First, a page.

Referring in detail to Figs. 1 and 2 of the drawings, a tank 1 is shown as constituting a container for holding a quantity of cream to be whipped. The bottom wall 2 of this container is formed of a filter type of stone having a very fine porosity and of sufficient thickness to give it the necessary strength and air dispersing qualities required. To prevent leakage the stone is suitably secured in the container in such a manner that the cream and air cannot pass between its periphery andthe wall of the container.
In the simplified form of structure illustrated,
a cylindrical base 3 is provided'for supporting air pressure applied 85 container 1, and in it there is provided a pressure chamber 4 below stone 2 which is formed by an air-tight wall 5 secured in the base a short distance from its upper edge. To render the pressure chamber air-tight when the container is placed upon the base a flat yieldable ringshaped gasket 6 made of some suitable compressible sanitary material, such as cork or material of that character is placed between the bottom of the container and an inwardly extending flange '7 formed about the upper .edge of the base cylinder.
In order to firmly and detachably hold the container on the base and at the same time make the connection leak-tight, a plurality of lugs 8, the number of which depends upon the size of the container, are secured about the bottom of container 1 for cooperative engagement with a plurality of trunk type latches 9 secured about the top of base 3. Each of these latches consists of a link 11 which is pivotally mounted on a lever 12 that is in turn pivotally secured to a support 13 mounted on the base 3. To assemble the machine the gasket 6 is placed on flange '7 and container 1 on top of the gasket with lugs 8 in alignment with latches 9. The lever s 12 are then raised sufliciently to allow the links 11 to be placed over the tops of the lugs 8. When this is done the levers are forced downward against the wall of the base, whereby due to the eccentric mounting of the links on the levers the conigainer is forced firmly into engagement with the ase.
For supplying air under pressure to pressure chamber 4 a rotary compression 14 is arranged on a support 15 in the bottom of base 3 and its outlet 16 is connected by means of a flexible conduit 1'7 to an inlet 18 formed in wall 5. For operating the compressor an electric motor 19 is also mounted upon the support 15 and. operably coupled to the compressor by means of a belt 21,'
an ordinary conduit and plug 22 being provided for connecting the motor to a light circuit.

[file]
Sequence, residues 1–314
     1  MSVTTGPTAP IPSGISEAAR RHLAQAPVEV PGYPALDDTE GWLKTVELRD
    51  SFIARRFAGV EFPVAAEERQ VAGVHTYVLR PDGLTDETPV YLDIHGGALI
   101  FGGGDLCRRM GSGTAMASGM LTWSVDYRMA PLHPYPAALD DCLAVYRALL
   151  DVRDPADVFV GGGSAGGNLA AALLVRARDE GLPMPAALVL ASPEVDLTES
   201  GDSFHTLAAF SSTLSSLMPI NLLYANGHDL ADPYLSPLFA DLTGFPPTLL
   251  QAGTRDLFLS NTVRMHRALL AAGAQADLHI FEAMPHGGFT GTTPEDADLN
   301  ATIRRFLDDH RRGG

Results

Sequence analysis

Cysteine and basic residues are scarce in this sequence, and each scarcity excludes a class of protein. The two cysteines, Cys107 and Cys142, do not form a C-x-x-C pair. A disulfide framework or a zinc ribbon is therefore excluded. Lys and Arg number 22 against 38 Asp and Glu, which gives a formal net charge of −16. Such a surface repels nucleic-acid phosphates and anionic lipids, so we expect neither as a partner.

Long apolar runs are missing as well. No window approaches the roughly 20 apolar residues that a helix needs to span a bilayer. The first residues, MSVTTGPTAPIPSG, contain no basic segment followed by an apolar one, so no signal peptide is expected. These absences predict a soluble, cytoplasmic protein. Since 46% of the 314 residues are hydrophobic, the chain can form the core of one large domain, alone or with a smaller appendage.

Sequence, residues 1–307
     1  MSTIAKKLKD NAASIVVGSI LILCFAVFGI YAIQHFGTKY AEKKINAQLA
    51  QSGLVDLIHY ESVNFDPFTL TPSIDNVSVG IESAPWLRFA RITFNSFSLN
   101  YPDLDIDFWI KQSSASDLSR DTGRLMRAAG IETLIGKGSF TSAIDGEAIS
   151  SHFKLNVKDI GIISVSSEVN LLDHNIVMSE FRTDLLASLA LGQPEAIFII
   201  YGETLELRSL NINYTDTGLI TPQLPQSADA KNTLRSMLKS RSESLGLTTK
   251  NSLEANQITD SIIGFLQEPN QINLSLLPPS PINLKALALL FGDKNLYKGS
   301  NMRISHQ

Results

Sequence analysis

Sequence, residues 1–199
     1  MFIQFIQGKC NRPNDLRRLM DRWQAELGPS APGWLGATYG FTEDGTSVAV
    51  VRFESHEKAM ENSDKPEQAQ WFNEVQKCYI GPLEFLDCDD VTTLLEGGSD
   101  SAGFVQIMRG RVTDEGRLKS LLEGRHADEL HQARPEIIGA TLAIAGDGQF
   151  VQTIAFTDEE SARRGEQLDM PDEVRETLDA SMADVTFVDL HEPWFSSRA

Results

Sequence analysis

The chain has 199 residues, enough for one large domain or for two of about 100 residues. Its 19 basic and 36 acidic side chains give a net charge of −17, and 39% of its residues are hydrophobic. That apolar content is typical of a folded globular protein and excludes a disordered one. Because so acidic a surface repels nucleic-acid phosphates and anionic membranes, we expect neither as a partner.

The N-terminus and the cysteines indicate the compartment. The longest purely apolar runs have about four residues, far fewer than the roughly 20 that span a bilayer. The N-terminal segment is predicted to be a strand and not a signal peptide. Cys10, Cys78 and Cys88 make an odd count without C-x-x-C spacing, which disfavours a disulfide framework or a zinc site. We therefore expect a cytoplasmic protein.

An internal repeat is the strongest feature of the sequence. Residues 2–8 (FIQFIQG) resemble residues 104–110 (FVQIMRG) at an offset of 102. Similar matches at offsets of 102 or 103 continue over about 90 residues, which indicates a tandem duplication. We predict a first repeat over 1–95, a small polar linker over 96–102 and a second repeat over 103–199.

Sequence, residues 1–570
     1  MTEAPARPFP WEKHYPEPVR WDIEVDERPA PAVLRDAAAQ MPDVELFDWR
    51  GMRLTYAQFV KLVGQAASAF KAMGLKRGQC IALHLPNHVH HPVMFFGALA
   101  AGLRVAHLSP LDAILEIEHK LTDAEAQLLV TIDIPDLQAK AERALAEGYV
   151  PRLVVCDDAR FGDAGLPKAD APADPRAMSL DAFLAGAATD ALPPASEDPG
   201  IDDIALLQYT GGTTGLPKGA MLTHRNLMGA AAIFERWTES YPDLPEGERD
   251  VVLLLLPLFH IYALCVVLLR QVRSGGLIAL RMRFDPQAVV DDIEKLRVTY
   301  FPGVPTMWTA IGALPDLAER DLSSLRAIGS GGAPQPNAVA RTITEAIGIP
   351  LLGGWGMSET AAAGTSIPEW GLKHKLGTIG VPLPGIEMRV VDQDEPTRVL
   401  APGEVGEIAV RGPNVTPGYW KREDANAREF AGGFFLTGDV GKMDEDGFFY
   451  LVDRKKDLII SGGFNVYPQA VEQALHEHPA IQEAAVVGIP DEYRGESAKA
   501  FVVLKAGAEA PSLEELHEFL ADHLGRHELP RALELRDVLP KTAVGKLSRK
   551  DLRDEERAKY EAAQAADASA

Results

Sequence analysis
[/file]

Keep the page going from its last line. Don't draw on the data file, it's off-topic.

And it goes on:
In order that access to the motor may be readily had for the purpose of cleaning and repairing it, support .15 is attached at one end by means of a hinge 23 to one side of the base 3 and by means of a latch 24 to the other side. Hence, when it is desired to have access to the motor or compressor the support 15 may be readily rotated outside of the base. To permit such movement the flexible conduit 17 is made sufliciently long to allow the compressor to be moved outside of the base without disturbing its connection with the pressure chamber. 1
In practicing the invention, I have found that it is essential that the medium employed for forming the bottom wall 2 of the container be made of a material having not only an exceedingly flne porosity, but that it have the ability to disperse the air in a very restricted manner into the cream. The most satisfactory material found to date for this purpose, which is capable of functioning satisfactorily, is what is known in the art as filter stone, and is a type of sand- :tone having an exceedingly fine porous strucure.
In operating the machine to produce a whip, motor 19 is preferably started before the cream is placed in container 1. when the cream is put in the container and the air is forced upwardly through stone 2, to destroy the formation of fissures or air openings in it, which may it permitted allow a portion of the air to escape and thereby retard the formation of the whip, the
cream may be gently stirred by means of a suitable stirring device such as a spoon or ladle. This operation is continued until suflicient air is entrapped in the cream and the structure broken down to a sufficiently fine state to produce a satisfactory whip. Normally such operation requires from one to two minutes, which is a considerably shorter time than that required to produce a whip by the old agitating process.
To remove the whipped cream, the container may be detached from base 3 by releasing latches 9 and the cream emptied into any suitable receptacle. To assist in removing the cream from the container, a screen 25 of fine mesh having a diameter'substantially the same as the inside of the container may be placed on the top of the stone 2 before the cream is added and removed after the whipping is completed, by means of a handle 26 arranged to extend to the top of the container. To clean the apparatus after it has been used, the container and stone are preferably washed in boiling water and then placed back on the base and the air turned on until the stone is thoroughly dried.